"Twelfth Night," which opened last night at the Warner Theatre, is Shakespeare as the vast majority likes it -- attractively cast, persuasively acted, handsomely costumed -- and there's nary a gimmick in sight.
The production has been mounted by the Stratford Festival of Canada, which will alternate it with "King Lear" for an all-too-limited engagement through Feb. 2. When less accomplished productions brazenly dig in for weeks on end, the brevity of the Canadians' visit seems something of a pity. Besides offering three civilized hours of romance and merriment, the company is also providing us with a salutary reminder. And none too soon.
You see, most of our homegrown Shakespeare productions -- those to come out of the Shakespeare Theatre at the Folger, Arena Stage and the American National Theater -- simply refuse to play it straight. In the cause of originality, novelty or -- perish the thought -- relevance, they tend to tailor the text to a preordained concept. So we get an Art Deco "Much Ado About Nothing" set on a 1930s ocean liner or a "Henry IV, Part I," in which mannequins mingle with humans and one overtaxed actor finds himself playing both Falstaff and King Henry.
While there's nothing wrong in departing from tradition (we never would have had that dazzling "Midsummer Night's Dream" in a white box if Peter Brook hadn't decided to take a hard look at the play), tradition has been getting the short end of the stick lately. Then along comes this "Twelfth Night" to show us that Shakespeare doesn't necessarily need gussying up. The stories are quite enchanting on their own terms. The characters don't have to sport rubber noses and baggy pants to interest us. Illyria can be Illyria, after all.
What matters more than anything else is a cast that can speak Shakespeare's lines with clarity and grace; move with ease and alacrity; and listen with conviction. In that, the Stratford Company appears to be blessed. It's amazing how quickly Shakespeare falls into place under the circumstances. Whole passages of "Twelfth Night" that have previously struck me as impenetrable to the modern ear made perfect sense last night. Even those hoary romantic mix-ups looked surprisingly fresh.
Orsino, you recall, loves Olivia. But Olivia loves Viola, who's just survived a shipwreck, disguised herself as a man and entered Orsino's service. For her part, Viola loves Orsino, but her breeches get in the way. Then her twin brother, Sebastian, turns up, hopelessly scrambling the cards. The Canadian players approach the confusion with full and open hearts as if to prove the age-old saw that love is blind.
Sure, we can see that Viola is a woman under her page's togs, and that she and Sebastian are not quite, as the Shakespeare put it, "an apple, cleft in two." But we also understand why the characters don't see what's under their noses: Sweet passion has them in its grip. The toll it takes on the beguilingly modest Seana McKenna (Viola), the strapping Colm Feore (Orsino) and Maria Ricossa (an Olivia graciously battling the itch to run her fingers up and down a man), makes for some very savory moments, during which comedy and romance coexist in natural harmony.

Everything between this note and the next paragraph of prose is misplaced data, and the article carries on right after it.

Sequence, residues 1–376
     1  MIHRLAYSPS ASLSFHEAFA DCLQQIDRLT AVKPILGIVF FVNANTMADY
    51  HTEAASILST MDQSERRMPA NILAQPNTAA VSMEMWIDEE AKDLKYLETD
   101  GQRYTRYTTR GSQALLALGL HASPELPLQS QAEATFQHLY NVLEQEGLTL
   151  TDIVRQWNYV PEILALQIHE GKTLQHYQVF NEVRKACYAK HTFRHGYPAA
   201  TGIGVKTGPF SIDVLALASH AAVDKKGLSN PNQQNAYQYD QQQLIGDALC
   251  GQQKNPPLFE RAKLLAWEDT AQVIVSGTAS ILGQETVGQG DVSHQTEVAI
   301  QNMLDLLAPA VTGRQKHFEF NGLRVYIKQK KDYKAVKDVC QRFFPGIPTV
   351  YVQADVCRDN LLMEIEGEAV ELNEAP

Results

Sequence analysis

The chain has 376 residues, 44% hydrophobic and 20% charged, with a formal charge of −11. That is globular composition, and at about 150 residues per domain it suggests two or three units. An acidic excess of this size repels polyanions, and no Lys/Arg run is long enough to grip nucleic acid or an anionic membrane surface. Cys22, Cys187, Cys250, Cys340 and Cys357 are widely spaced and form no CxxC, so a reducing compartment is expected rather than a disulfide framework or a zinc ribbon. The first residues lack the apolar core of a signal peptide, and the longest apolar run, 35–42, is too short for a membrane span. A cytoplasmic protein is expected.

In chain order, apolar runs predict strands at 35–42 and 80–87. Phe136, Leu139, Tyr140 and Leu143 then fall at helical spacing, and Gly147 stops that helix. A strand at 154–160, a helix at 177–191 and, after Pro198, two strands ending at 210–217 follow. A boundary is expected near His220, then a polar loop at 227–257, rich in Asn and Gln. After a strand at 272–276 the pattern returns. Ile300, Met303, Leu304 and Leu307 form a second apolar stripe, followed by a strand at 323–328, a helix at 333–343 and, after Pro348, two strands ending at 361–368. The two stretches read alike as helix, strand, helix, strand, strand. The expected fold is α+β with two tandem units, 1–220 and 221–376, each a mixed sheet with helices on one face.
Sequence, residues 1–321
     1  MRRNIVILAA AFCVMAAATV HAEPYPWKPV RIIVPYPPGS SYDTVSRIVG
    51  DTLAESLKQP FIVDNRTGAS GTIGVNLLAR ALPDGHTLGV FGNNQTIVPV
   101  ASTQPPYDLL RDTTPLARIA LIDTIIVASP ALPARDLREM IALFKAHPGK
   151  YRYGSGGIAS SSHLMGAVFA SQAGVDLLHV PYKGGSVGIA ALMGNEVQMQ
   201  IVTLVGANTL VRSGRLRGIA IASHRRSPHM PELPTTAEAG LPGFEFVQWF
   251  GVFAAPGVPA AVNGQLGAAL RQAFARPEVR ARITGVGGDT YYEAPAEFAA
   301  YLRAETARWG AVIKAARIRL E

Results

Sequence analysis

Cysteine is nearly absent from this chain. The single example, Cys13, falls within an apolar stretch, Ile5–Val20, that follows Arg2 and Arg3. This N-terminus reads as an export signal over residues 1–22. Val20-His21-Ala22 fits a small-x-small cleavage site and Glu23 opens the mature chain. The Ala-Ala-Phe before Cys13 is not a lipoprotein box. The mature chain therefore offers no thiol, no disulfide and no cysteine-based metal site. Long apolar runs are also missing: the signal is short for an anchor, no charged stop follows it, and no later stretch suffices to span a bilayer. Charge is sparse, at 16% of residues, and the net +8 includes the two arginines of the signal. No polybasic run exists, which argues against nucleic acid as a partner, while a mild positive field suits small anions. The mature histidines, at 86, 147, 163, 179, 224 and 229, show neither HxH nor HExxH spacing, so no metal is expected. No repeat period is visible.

But there is another, lower, side to "Twelfth Night" and this production, originally directed by David Giles and restaged for the company's American tour by John Hirsch, handles it with equal aplomb. While love is struggling to bloom, Sir Toby Belch (James Blendick), Sir Andrew Aguecheek (Richard McMillan), and Feste, the fool (Edward Atienza) are trying to have a rowdy time and succeeding quite nicely.
The principal object of their pranks is that old sourpuss, Malvolio (Nicholas Pennell), whose instinctive reponse to a world of cakes and ale is a downcast mouth and a disapproving eye. He pays dearly for his Puritanism, and if there's a potential problem with "Twelfth Night," that's it. The ridiculing of Malvolio has got to be funny, but you can't take the tomfoolery too far: Push Malvolio too hard and a mocked man turns into a broken man. It seems to me this production stops just at the right point -- just before the high-spirited becomes the mean-spirited. Atienza's splendidly whimsical clowning helps a lot to maintain the proper balance. But Pennell also holds the line -- suggesting that Malvolio's vanity, not necessarily his mental equilibrium, has momentarily been imperiled.
While this "Twelfth Night" is not as lavishly adorned as some, the pleasing unit set and stylishly muted costumes, both designed by Christina Poddubiuk, are in keeping with a production that keeps the play in the forefront. That, too, is a welcome assertion of priorities that our local theaters might ponder. Spectacle is the icing. But first, you've got to bake the cake.
TWELFTH NIGHT, sw,-2 sk,2 by William Shakespeare. Directed by David Giles; restaged by John Hirsch; costumes and sets, Christina Poddubiuk; lighting, Michael J. Whitfield; music, Louis Applebaum. With Colm Feore, Seana McKenna, James Blendick, Patricia Collins, Richard McMillan, Edward Atienza, Maria Ricossa, Nicholas Pennell, Ernest Harrop. At the Warner Theatre through Feb. 2.